added by Katya0133 | editPublishers Weekly (Nov 23, 2009)

» Add other authors (9 possible)

Author nameRoleType of authorWork?Status
Jasper Ffordeprimary authorall editionsconfirmed
Buckley, PaulCover designersecondary authorsome editionsconfirmed
Garduno, KenIllustratorsecondary authorsome editionsconfirmed
Lagin, DanielDesignersecondary authorsome editionsconfirmed
Lee, JohnNarratorsecondary authorsome editionsconfirmed
Wilson, StevenCover artistsecondary authorsome editionsconfirmed
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There is no light or colour as a fact in external nature. There is merely motion of material...When the light enters your eyes and falls on the retina, there is motion of material. Then your nerves are affected and your brain is affected, and again this is merely motion of material...The mind in apprehending experiences sensations which, properly speaking, are qualities of the mind alone. —Alfred North Whitehead
Welcoming you to the undeniably
enjoyable and generally underrated
sense of being known as existence
First words Males are to wear dress code #6 during inter-Collective travel. Hats are encouraged but not mandatory.
It began with my father not wanting to see the Last Rabbit and ended up with my being eaten by a carnivorous plant. It wasn't really what I'd planned for myself—I'd hoped to marry into the Oxbloods and join their dynastic string empire. But that was four days ago, before I met Jane, retrieved the Caravaggio and explored High Saffron. So instead of enjoying aspirations of Chromatic advancement, I was wholly immersed within the digestive soup of a yataveo tree. It was all frightfully inconvenient.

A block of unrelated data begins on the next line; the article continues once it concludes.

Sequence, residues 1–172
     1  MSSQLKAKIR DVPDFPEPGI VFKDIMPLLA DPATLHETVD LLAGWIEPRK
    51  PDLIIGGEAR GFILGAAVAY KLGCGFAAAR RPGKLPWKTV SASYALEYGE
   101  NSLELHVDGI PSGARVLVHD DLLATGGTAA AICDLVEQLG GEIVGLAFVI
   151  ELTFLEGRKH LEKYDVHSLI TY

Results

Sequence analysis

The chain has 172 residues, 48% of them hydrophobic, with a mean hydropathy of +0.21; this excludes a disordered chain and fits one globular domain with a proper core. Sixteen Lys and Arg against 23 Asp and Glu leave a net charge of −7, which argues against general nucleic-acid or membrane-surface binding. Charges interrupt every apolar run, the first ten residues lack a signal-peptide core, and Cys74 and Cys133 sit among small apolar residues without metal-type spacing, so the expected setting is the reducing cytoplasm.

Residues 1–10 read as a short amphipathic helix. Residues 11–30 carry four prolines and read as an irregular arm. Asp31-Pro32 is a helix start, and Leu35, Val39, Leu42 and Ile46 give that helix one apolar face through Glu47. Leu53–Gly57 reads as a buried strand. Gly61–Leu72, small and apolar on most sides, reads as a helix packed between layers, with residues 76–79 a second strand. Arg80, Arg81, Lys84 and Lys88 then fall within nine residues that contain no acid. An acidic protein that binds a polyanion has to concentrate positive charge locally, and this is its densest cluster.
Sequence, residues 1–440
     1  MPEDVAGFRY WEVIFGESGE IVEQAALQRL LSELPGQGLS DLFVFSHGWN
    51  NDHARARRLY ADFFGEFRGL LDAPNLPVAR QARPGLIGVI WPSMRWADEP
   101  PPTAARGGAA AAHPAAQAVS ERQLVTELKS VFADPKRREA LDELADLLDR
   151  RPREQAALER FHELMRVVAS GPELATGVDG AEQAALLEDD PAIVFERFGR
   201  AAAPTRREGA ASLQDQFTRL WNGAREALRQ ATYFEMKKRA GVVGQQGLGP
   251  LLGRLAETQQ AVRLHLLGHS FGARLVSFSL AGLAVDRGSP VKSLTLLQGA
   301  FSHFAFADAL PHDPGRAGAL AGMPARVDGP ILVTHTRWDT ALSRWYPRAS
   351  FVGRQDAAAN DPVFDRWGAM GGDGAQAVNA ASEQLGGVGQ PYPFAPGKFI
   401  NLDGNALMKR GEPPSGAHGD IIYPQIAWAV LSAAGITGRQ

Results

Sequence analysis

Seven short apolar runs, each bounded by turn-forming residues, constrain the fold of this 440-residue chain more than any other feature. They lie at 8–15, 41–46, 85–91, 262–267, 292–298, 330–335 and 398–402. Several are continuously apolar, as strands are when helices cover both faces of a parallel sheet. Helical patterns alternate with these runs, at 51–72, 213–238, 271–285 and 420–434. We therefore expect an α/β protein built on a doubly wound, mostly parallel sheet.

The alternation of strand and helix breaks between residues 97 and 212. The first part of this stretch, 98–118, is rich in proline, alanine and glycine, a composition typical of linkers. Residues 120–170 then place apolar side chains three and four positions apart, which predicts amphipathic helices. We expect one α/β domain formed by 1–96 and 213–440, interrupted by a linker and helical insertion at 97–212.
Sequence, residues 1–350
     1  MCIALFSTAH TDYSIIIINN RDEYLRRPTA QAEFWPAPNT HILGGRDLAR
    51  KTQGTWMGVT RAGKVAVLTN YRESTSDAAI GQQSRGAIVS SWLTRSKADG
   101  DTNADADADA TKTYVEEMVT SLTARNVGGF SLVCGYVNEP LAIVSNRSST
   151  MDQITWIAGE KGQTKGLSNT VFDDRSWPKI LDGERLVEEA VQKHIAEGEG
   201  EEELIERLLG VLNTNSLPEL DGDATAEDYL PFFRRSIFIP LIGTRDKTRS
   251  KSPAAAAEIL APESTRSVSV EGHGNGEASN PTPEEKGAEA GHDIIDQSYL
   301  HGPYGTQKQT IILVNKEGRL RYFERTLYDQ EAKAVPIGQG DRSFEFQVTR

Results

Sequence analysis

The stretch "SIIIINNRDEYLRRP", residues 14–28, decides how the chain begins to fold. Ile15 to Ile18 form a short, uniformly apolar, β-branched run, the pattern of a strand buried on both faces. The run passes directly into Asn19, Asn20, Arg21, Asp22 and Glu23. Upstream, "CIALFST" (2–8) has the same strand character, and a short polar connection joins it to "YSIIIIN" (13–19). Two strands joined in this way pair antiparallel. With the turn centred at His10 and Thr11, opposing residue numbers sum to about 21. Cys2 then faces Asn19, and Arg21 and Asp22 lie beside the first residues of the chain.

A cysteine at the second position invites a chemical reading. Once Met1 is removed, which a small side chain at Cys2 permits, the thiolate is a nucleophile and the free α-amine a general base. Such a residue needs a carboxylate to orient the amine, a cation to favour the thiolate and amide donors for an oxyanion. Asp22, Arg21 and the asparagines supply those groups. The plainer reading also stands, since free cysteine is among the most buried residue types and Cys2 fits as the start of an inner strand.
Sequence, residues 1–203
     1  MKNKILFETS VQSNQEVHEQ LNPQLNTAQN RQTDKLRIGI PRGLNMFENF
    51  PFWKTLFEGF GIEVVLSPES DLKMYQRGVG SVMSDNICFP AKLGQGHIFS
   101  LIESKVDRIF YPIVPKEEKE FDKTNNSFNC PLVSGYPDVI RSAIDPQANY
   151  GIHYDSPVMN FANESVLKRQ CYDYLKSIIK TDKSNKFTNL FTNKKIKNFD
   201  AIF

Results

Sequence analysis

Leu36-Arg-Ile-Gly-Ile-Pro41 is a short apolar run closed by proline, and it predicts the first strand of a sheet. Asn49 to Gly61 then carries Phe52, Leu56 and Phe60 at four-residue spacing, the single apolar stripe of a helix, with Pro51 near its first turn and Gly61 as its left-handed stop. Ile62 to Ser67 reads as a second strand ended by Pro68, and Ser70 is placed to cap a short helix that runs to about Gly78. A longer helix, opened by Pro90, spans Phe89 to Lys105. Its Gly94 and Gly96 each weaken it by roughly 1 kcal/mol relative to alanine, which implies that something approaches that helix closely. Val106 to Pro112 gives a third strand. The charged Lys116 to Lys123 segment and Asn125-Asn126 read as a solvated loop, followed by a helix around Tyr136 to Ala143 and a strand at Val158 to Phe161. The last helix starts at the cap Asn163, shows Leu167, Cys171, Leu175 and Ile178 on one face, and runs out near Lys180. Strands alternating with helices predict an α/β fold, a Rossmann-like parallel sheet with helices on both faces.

Apart we are together.
Last words
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References to this work on external resources.

Wikipedia in English


Book description
Welcome to Chromatacia, where the Colortocracy rules society through a social hierarchy based upon one's limited color perception. In this world, you are what you can see.

But Eddie Russet wants to move up. When he and his father relocate to the backwater village of East Carmine, his carefully cultivated plans to leverage his better-than-average red perception and marry into a powerful family are quickly upended. Eddie must contend with lethal swans, sneaky Yellows, inviolable rules, an enforced marriage to hideous Violet deMauve, and a risky friendship with an intriguing Grey named Jane who shows Eddie that the apparent peace of his world is as much an illusion as color itself. Will Eddie be able to tread the fine line between total conformity—accepting the path, partner, and career delineated by his hue—and his instinctive curiosity that is bound to get him into trouble?